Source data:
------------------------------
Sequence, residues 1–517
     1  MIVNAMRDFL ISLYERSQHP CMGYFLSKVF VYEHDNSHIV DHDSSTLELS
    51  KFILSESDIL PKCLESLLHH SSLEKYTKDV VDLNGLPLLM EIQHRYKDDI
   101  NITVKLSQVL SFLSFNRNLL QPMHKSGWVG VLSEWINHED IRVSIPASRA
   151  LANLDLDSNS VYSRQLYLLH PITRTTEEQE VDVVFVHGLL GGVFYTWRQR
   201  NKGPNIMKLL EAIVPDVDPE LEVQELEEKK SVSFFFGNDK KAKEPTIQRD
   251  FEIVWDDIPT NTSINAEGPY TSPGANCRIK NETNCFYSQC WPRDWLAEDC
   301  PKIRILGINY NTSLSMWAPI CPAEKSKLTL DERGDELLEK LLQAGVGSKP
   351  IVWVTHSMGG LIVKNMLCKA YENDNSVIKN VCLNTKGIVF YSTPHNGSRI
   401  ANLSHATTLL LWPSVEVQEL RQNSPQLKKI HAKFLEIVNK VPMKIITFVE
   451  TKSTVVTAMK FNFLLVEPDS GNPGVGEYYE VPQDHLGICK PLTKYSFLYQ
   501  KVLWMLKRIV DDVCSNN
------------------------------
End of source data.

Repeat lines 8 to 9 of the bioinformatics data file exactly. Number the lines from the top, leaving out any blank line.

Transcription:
   301  PKIRILGINY NTSLSMWAPI CPAEKSKLTL DERGDELLEK LLQAGVGSKP
   351  IVWVTHSMGG LIVKNMLCKA YENDNSVIKN VCLNTKGIVF YSTPHNGSRI